I can’t say I’m totally unsympathetic to the point Sally Jenkins makes in this piece of hers blaming college football’s current state of affairs on the Supreme Court’s ruling in the NCAA v. Oklahoma Board of Regents antitrust case.
… It’s a rich irony that Oklahoma is sweating the chaos caused by TV money, given that it set the chaos in motion in the first place. In 1984, Oklahoma, joined by Georgia, sought to break NCAA control over college football by suing all the way to the highest court for the right to negotiate its own TV deals, and won.
Citing restraint of trade, the court stripped the NCAA of much of its centralized power. A quarter-century later, the Big 12 has been weakened, the entire college football structure destabilized, and Oklahoma is threatened because Texas, with its powerful Longhorn Network deal, is acting so rapaciously, running “roughshod” and making its own rules. Well, where do you think Texas got the idea? It’s pretty entertaining that Oklahoma, which asked for this landscape, is crying for some sort of protection from it.
The problem is that her analysis grows strained (as she, to her credit, recognizes), mainly because the NCAA has been no bastion of virtue itself. How can you not laugh at loud at Mark Emmert’s hypocrisy in calling out the conferences for the latest round of the expansion shuffle?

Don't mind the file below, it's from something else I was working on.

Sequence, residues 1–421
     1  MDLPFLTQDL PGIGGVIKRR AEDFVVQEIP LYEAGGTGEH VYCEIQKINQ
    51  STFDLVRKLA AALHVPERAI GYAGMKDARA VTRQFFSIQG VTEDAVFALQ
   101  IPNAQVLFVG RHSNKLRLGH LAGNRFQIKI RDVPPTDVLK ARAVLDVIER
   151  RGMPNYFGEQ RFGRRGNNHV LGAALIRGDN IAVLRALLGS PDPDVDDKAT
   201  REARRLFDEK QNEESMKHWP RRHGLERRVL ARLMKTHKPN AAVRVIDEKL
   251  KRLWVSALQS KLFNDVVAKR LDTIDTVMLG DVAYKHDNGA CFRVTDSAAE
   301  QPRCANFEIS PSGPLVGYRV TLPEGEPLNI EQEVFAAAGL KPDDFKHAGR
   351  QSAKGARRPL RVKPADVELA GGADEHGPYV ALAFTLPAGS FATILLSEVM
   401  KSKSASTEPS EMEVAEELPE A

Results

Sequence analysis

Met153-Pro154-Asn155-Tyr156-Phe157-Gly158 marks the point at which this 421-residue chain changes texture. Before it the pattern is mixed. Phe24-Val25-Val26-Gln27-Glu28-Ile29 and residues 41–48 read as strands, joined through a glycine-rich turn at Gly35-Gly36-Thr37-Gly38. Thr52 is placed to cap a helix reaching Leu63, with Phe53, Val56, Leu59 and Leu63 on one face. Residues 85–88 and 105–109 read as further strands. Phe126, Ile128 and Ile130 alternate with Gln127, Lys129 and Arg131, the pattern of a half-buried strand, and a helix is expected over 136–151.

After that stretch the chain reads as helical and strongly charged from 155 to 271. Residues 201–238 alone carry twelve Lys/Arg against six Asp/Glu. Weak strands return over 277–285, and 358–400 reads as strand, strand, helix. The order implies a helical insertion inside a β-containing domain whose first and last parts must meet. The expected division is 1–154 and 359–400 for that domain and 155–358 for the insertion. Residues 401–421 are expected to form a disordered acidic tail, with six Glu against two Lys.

“People today have greater doubt, greater concern about what we stand for and why we do what we do,” said Emmert. “And that is a huge problem for us.”
“The specter of the past couple weeks of conference realignment has not been a healthy thing. The world’s convinced that’s all we care about…that all this is about money. I didn’t read many of us stepping up and saying that this will work really well for student-athletes because we’ll do X, we’ll do Y, it will create more resources, it will help us stabilize our programs.
“It was all about the deal.”
This, coming from the man who recently presided over a process of exploring the expansion of the NCAA men’s basketball tourney to 96 teams. And let’s not forget that the reason they didn’t wind up there was that they couldn’t find a broadcast partner willing to pony up the necessary bucks. So he can spare me the crocodile tears over the poor, poor student-athlete.
But returning to Jenkins’ article, that’s not the only flaw in her reasoning. As a fan, I like – no, make that love – what the Supreme Court’s decision ushered in. In terms of access to the sport, we’ve never had it so good (except for being exposed to Craig James twice a week). And the reality is that somebody is going to make a buck off of our passion. Jenkins doesn’t really have a good answer to that.
If Jenkins’ admiration for Justice White’s advice were to be followed,
If it’s okay to restrict athletes from making money for playing on TV for ethical reasons, then surely we should restrict the universities that rake in multimillions, he wrote. Remove restrictions, and “unlimited [TV] appearances by a few schools would inevitably give them an insuperable advantage over all others and in the end defeat any efforts to maintain a system of athletic competition among amateurs who measure up to college scholastic requirements.”
… the result would be that either we’d get to watch fewer games, or more money would stay in ESPN’s pocket. I don’t see either of those as a win.